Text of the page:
How to Reduce the Redness of Sunburn

One Methods:Prevention

Preventing sunburn is oftentimes difficult to do, especially for people who spend a lot of time outdoors in warmer weather or climates. Even the best preventions sometimes fall short, leaving you with reddened, angry skin that is painful to the touch. Knowing how to reduce the redness of sunburn quickly is critical to minimizing the discomfort your sunburn causes and avoiding long-term problems such as peeling.


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    Reduce the pain and redness.
    • Take ibuprofen, aspirin, or other anti-inflammatory medication. Use them as soon possible after noticing you are sunburned. These medications are designed to reduce swelling and irritation and will take the sting out of sunburn. Make sure to follow the manufacturer's instructions for use, which can be found on the bottle.
    • Apply a cool cloth to the area. Using cold water or a cloth that has been placed in the refrigerator, dampen the sunburned skin. This will reduce the pain and "hot" feeling in the area.
    • Drink water or other clear fluids. These can help to rehydrate your body after over-exposure to the sun and help reduce the fatigue associated with it.
    • Use a potato to draw the heat out. Apply thin slice of potato directly onto your sunburned skin. The natural starches found in potatoes will help to draw the heat out of your skin.
    • Use shaving cream. Since most brands contain cooling agents, applying shaving cream to a sore area might calm the sting of a new sunburn.
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    Add moisture back in to your skin.
    • Take a bath. Add equal parts oatmeal, milk, honey, and aloe vera, and pour it into a lukewarm bath. Sit in the tub for approximately 15 minutes.
    • Apply aloe vera. You can get this from a plant or from hydrocortisone cream. Apply it to the sunburned areas of your skin. These products can help to minimize redness while cooling off irritated skin.
    • Create a paste. Mix equal parts water and baking soda, You should make enough to cover the affected skin. Dip a clean fabric cloth into the paste, and press it gently onto the sunburned areas for 3 to 5 minutes.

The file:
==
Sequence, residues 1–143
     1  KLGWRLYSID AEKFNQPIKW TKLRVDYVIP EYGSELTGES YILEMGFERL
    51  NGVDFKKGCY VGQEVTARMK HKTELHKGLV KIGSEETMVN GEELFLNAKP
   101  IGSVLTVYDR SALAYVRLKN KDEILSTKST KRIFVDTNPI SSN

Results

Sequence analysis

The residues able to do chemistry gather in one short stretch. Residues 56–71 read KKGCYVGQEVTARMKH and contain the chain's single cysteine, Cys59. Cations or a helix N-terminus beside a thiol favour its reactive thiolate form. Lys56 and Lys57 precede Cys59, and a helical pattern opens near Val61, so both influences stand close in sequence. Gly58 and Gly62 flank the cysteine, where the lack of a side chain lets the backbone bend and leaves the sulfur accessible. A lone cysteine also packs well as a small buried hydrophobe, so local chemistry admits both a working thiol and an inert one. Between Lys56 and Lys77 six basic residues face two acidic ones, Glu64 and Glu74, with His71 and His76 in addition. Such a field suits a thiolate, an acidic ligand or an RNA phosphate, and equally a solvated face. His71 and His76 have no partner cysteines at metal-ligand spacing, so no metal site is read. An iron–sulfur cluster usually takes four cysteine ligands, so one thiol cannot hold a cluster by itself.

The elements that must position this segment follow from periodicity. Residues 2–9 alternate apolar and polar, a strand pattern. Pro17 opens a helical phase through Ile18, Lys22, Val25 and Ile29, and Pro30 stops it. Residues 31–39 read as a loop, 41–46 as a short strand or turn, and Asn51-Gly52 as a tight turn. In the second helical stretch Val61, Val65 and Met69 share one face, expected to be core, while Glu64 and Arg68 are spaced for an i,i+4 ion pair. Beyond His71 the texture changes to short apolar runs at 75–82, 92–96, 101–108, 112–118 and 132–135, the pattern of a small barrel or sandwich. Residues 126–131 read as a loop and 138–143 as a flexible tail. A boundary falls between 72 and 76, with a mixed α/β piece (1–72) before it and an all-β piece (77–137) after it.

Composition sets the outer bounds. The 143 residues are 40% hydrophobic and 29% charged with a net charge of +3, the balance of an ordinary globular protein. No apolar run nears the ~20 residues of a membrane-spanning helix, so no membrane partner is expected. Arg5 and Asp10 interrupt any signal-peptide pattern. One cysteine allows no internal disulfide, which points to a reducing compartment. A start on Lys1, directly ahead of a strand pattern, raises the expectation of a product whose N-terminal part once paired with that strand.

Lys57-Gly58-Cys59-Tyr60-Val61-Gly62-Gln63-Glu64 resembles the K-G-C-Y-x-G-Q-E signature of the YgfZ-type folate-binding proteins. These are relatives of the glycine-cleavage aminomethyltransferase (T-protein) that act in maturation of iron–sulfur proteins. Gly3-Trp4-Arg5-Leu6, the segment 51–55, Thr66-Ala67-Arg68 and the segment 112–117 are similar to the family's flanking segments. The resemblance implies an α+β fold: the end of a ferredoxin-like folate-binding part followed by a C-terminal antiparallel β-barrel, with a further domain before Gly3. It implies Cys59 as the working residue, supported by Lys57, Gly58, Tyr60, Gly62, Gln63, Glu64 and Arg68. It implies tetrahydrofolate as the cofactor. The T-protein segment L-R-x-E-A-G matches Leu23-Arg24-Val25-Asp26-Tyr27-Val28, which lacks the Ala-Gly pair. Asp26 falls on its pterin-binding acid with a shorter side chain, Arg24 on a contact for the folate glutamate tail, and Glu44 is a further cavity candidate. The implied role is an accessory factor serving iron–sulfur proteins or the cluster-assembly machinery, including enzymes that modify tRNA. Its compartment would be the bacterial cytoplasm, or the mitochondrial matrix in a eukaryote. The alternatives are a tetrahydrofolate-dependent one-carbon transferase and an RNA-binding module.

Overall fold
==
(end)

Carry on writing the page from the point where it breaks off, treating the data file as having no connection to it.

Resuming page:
• Use live cultured plain yogurt to cover your sunburned areas. Apply the yogurt directly to your skin, and allow it to sit for a minimum of 5 minutes. Once finished, rinse your skin thoroughly to remove the yogurt. This works especially well if the yoghurt is cooled in the fridge before it is used. Try a natural Greek set yoghurt for easier application.
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    Avoid worsening the area.
    • Wear loose clothing. Cover the sunburned areas if you need to spend time in the sun. Long sleeves or pants and hats will protect your sensitive skin from the sun's harsh rays and prevent further sun damage.
    • Move indoors. Avoid further exposure to the sun or heat if possible. Expose your sunburned skin to cooler air, preferably air conditioned, as this will allow the heat trapped in your skin to escape.
    • Only take lukewarm showers. The water should be slightly warmer than room temperature but not too hot. The shower will help to improve your skin's circulation and promote quicker healing. Allow your skin to air dry if possible to help soak up additional moisture.
    • Never pop blisters.
    • Don't add ice. Ice when applied directly to a burn can create an "ice burn" feeling and actually increase the level of pain you are experiencing.


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    Always use sunblock if you will be in the sun during a long period of time.
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    Always reapply sunblock after using a towel or going in the water.
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    Take vitamins E and C. This does not act like sunblock. These vitamins act as antioxidants to heal sunburns. These are most effective when taken regularly. So add these to your vitamin regimen during the summer when you are more likely to be exposed to the sun.


  • Try to use aloe vera from an actual plant, as it has been proven more effective than a prepackaged solution.
  • Witch hazel prevents the peeling by quite a lot. Apply it to your skin before taking a shower and wait 15 minutes and then take a lukewarm shower.
  • When using sun spray, never keep rubbing where the sunburn is. Never even try to pop your blisters because it will definitely make it worse.
  • Before you go to bed, create a thick aloe vera mask and leave overnight. You should feel relieved, and definitely less red in the morning. Just remember, don't roll over on that side of you, you might get your sheets all sticky!
  • Try using apple cider vinegar, it takes the sting out, cools the skin and reduces the redness. Apply it on a cold washcloth with water.


  • If your sunburn is accompanied by fever or chills, you need to see a medical professional. These symptoms are indicative of sun poisoning, and you will need to be properly evaluated for the best treatment options.
  • Avoid breaking any blisters that form as a result of the sunburn. The blisters are your skin's way of holding moisture near damaged areas, and bursting them will delay the healing process.
  • Refrain from using any moisturizing lotions or creams, butter, or oil-based products to your sunburn. These treatments actually trap heat inside the skin and can make your sunburn even worse.

Things You'll Need

  • Ibuprofen
  • Bathtub
  • Oatmeal
  • Milk
  • Honey
  • Aloe vera
  • Protective clothing
  • Baking soda
  • Clean cloth
  • Potato
  • Yogurt
  • Cooling Gel

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